On one level, Arrival is an unusual $47 million, major-studio art film that manipulates the sci-fi genre to address mortality. It’s not unlike Alain Resnais’s Je t’aime, Je t’aime (1968), often mistaken for sci-fi, though it’s actually an existential love story about a man’s regret over his sexual past. When Banks, similarly, cannot separate professional, political duty from her personal life, Arrival takes on depth and mystery but also too much sentimental banality: “Are you dreaming in the aliens’ language?” Donnelly asks Banks, being either intellectually inquisitive or date-movie seductive.

Arrival holds interest because Villeneuve and Heisserer branch out from sci-fi and deliver subtle commentary on the state of news-media manipulation.

On another level, though, Arrival holds interest because Villeneuve and Heisserer branch out from sci-fi and deliver subtle commentary on the state of news-media manipulation. Unexpectedly, they leap into a timely problem: how narrative is used to affect public perception. In one scene that sets the film apart from standard blockbuster spectacles, Banks has a phone conversation with her mother: “Please don’t bother with that damned channel. How many times do I have to tell you, those people are idiots?”

It’s unclear whether Banks is referring to CNN, MSNBC, or the oft-maligned Fox News — Arrival conspicuously avoids that common practice of employing familiar TV-news faces (performers who, despite being recognizable, are less than personalities), and it uses no network-news logos, eschewing Hollywood’s loathsome, unprincipled habit of product-placement. What a relief — and a release — from the usual, hegemonic collusion of mainstream media and Hollywood.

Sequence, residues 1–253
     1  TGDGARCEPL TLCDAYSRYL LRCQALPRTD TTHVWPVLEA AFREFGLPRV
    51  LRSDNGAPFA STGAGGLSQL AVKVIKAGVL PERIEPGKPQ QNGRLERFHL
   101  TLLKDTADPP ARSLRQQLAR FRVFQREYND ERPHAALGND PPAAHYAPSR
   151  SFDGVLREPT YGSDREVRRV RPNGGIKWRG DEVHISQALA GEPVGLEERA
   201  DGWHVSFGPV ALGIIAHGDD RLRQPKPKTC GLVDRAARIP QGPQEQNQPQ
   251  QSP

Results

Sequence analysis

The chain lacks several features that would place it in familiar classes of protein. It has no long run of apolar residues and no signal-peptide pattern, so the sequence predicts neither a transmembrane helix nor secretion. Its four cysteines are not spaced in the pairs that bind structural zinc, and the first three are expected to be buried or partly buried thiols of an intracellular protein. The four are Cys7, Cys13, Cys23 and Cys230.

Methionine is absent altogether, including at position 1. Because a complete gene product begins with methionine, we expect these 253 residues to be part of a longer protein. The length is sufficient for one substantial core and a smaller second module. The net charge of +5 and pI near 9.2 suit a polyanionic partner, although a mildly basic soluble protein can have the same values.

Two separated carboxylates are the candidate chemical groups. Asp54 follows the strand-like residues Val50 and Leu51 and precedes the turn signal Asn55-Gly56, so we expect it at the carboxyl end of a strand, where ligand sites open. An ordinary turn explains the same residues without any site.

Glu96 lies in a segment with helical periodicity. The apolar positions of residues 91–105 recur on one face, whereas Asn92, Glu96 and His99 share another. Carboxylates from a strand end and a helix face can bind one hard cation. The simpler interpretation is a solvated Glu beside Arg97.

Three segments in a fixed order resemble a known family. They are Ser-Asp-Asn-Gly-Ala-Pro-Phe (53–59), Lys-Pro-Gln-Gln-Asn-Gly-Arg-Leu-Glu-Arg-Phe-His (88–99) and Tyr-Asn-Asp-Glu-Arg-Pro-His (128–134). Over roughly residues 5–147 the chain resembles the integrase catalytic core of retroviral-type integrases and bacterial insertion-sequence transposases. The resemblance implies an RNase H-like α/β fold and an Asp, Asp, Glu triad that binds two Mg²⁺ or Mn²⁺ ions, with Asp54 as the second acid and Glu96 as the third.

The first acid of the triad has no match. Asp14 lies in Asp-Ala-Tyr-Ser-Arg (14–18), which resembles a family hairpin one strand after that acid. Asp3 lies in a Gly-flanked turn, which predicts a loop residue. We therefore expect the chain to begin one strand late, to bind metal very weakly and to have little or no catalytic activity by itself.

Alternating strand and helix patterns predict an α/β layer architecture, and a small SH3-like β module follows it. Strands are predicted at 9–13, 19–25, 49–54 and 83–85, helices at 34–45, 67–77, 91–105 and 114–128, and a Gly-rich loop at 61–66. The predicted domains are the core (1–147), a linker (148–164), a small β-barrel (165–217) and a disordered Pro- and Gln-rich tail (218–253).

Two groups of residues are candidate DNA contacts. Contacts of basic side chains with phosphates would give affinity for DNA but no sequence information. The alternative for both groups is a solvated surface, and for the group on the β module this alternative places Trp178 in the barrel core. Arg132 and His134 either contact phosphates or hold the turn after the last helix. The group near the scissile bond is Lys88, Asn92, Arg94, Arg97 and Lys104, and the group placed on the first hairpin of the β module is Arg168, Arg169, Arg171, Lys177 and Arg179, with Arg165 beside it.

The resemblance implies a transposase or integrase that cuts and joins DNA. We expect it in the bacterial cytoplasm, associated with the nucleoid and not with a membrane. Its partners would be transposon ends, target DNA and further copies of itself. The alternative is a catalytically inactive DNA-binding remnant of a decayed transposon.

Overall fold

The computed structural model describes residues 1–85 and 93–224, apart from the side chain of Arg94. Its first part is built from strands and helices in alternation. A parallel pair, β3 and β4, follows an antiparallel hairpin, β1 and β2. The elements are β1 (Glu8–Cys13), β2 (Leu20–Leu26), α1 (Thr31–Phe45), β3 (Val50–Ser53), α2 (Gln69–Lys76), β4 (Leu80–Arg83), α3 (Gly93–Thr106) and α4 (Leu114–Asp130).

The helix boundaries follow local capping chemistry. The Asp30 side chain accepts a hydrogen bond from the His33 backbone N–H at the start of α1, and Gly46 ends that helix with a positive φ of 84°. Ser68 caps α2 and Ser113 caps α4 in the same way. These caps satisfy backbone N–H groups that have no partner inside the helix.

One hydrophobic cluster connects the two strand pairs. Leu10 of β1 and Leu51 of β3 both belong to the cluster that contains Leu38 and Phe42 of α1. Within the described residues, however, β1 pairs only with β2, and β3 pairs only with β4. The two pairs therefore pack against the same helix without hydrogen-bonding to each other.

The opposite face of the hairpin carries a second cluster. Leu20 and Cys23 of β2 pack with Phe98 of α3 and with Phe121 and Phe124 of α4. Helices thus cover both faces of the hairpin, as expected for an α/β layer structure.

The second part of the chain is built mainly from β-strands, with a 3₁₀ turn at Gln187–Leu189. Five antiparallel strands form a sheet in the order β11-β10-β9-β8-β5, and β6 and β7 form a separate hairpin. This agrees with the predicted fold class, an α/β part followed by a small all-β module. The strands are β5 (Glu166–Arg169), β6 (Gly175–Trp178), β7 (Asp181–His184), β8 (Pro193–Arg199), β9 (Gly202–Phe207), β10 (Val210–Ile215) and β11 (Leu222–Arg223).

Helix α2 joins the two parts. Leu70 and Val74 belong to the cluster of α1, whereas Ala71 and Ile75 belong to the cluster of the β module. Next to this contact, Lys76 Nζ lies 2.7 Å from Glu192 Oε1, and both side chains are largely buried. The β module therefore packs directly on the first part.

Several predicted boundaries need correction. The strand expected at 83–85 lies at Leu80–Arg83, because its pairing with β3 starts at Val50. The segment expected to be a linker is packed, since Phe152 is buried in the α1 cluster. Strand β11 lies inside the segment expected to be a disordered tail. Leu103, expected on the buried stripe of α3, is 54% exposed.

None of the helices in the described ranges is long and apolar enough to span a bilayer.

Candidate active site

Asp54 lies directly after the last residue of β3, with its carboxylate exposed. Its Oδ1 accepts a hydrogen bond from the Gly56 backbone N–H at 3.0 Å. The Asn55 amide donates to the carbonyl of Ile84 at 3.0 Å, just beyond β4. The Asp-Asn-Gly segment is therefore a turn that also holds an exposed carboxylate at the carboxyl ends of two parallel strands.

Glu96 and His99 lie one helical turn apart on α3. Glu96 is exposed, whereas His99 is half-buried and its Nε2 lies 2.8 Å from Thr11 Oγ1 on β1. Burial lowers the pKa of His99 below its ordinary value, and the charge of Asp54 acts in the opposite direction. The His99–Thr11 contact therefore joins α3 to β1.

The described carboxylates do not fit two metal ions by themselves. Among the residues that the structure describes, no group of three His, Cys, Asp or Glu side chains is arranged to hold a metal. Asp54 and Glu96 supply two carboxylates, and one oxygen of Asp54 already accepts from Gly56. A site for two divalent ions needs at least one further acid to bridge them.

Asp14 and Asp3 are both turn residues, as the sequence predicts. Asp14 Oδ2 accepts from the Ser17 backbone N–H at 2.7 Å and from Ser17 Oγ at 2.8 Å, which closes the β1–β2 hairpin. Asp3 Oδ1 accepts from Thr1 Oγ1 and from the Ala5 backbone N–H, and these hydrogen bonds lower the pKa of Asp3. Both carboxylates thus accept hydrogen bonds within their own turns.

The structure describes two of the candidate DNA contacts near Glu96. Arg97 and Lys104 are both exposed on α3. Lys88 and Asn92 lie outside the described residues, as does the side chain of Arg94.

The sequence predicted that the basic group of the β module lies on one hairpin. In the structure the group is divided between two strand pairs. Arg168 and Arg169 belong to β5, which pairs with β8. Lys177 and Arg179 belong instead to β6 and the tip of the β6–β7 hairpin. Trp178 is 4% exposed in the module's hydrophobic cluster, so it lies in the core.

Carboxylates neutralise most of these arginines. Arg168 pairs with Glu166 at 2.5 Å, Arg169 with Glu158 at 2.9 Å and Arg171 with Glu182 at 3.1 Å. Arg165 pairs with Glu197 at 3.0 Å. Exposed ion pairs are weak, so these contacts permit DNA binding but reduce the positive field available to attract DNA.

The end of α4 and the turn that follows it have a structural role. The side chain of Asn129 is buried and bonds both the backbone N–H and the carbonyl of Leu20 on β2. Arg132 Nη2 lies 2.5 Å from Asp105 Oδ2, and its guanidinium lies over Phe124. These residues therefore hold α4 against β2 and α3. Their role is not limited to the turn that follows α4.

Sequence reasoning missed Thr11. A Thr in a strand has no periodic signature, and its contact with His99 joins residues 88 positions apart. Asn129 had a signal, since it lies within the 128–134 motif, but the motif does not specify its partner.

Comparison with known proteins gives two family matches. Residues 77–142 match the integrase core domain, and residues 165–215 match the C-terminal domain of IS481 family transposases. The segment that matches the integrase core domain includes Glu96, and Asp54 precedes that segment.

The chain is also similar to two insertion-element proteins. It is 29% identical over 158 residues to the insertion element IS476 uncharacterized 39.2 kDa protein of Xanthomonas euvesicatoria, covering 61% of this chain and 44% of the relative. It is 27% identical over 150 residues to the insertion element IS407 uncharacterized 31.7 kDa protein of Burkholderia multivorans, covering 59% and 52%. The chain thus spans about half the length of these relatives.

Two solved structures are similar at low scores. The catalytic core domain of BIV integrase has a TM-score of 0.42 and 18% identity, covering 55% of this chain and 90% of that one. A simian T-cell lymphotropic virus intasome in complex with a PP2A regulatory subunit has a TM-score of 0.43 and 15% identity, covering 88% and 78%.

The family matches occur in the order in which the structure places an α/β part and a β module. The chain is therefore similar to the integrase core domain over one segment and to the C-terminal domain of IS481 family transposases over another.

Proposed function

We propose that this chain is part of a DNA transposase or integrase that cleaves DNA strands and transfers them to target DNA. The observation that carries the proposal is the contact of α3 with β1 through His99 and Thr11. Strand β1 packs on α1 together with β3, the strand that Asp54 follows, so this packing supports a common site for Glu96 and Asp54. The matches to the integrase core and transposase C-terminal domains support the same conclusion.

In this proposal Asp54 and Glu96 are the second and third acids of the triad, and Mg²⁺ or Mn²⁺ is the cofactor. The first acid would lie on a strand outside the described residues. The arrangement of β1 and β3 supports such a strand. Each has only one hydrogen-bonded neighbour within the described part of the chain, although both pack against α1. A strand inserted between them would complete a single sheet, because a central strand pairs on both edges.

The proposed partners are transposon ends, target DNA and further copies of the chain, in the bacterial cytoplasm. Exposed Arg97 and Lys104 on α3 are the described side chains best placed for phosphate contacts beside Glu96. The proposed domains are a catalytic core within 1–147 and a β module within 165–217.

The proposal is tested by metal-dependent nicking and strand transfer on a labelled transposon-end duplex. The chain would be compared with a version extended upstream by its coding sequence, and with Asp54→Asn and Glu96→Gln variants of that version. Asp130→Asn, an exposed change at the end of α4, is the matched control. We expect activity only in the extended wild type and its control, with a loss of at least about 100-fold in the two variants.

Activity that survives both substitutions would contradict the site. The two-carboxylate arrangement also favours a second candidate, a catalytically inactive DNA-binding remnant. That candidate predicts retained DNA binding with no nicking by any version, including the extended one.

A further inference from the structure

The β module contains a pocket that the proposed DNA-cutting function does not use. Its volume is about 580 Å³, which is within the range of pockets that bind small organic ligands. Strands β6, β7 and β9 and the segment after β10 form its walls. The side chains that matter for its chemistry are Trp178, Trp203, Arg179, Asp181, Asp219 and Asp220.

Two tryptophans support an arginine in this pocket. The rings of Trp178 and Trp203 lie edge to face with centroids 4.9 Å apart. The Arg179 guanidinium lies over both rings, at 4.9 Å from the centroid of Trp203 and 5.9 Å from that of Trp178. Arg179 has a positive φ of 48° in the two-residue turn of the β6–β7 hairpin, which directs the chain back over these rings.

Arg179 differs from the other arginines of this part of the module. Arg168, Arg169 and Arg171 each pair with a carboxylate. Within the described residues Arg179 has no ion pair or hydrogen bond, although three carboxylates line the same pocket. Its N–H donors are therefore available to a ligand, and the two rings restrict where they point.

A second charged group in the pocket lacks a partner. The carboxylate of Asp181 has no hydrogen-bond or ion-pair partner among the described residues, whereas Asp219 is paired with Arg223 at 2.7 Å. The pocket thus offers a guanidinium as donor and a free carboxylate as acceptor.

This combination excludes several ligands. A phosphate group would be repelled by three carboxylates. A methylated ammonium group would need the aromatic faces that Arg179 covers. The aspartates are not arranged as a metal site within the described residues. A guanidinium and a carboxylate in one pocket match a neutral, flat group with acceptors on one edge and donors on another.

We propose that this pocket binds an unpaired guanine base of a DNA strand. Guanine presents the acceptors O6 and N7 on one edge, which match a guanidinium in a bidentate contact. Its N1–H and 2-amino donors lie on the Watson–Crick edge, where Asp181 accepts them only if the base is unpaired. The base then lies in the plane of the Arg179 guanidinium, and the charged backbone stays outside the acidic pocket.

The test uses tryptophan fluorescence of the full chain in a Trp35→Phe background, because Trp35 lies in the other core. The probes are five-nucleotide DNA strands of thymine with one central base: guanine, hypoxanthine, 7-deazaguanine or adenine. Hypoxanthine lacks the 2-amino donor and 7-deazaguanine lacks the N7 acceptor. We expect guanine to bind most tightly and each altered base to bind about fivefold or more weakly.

Banks’s commentary gets a too-knowing laugh from audiences accustomed to snarkiness about (right-leaning) media, but Arrival deserves better than such an obvious conspiratorial reflex. After all, Villeneuve shows clips of rioting in socialist Venezuela and other global crises that inspire Banks’s attempt at multilateral engagement with foreign/alien intruders.

#related#The film’s play with memory, fantasy, and political truth is primarily carried by the emotional complexity that Amy Adams gives to Banks’s character. She subtly moves between caution and fear, control and freaking out and then sustained awe; uncannily, she resembles Donald Trump as he took measured steps toward the microphone when accepting this week’s election results. No one in U.S. news media seemed to have enough movie-watching experience to note the fluctuations of feelings, the mix of egotism and humility, apparent in Trump’s expression. This harkens back to the scene in Michael Moore’s Fahrenheit 9/11 that caused some to callously misunderstand George W. Bush’s momentary perplexity immediately after learning of the attack, when he was reading a story to a roomful of children. Because we maneuver daily between media-controlled narratives and personal responses to social phenomena, Banks’s quip about “that damned channel” takes on surprising significance.

Villeneuve realizes that movie-watching is people-watching. So while manipulating the sci-fi genre for popular effect, he explores life in non-linear time and ends by creating a political science fiction. Though a second-rate, semi-profound art movie, Arrival is nonetheless an ambitious demonstration of how the media manipulate our perception and our experience.

Armond White, a culture critic, writes about movies for National Review and is the author of New Position: The Prince Chronicles. His new book, Make Spielberg Great Again: The Steven Spielberg Chronicles, is available at Amazon.